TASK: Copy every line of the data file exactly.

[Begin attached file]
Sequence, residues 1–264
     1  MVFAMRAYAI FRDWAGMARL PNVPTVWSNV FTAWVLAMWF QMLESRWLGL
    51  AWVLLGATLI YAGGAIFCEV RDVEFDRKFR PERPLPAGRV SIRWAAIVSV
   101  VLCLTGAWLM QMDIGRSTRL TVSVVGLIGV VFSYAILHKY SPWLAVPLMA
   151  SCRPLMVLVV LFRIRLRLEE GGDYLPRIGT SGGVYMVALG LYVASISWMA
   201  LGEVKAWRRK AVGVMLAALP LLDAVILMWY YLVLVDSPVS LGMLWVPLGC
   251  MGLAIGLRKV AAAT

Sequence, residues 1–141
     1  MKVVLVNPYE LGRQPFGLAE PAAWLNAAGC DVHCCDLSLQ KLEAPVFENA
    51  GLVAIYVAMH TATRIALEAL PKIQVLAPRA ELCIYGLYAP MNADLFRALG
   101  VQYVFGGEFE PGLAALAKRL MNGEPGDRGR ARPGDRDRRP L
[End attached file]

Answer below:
Sequence, residues 1–264
     1  MVFAMRAYAI FRDWAGMARL PNVPTVWSNV FTAWVLAMWF QMLESRWLGL
    51  AWVLLGATLI YAGGAIFCEV RDVEFDRKFR PERPLPAGRV SIRWAAIVSV
   101  VLCLTGAWLM QMDIGRSTRL TVSVVGLIGV VFSYAILHKY SPWLAVPLMA
   151  SCRPLMVLVV LFRIRLRLEE GGDYLPRIGT SGGVYMVALG LYVASISWMA
   201  LGEVKAWRRK AVGVMLAALP LLDAVILMWY YLVLVDSPVS LGMLWVPLGC
   251  MGLAIGLRKV AAAT

Sequence, residues 1–141
     1  MKVVLVNPYE LGRQPFGLAE PAAWLNAAGC DVHCCDLSLQ KLEAPVFENA
    51  GLVAIYVAMH TATRIALEAL PKIQVLAPRA ELCIYGLYAP MNADLFRALG
   101  VQYVFGGEFE PGLAALAKRL MNGEPGDRGR ARPGDRDRRP L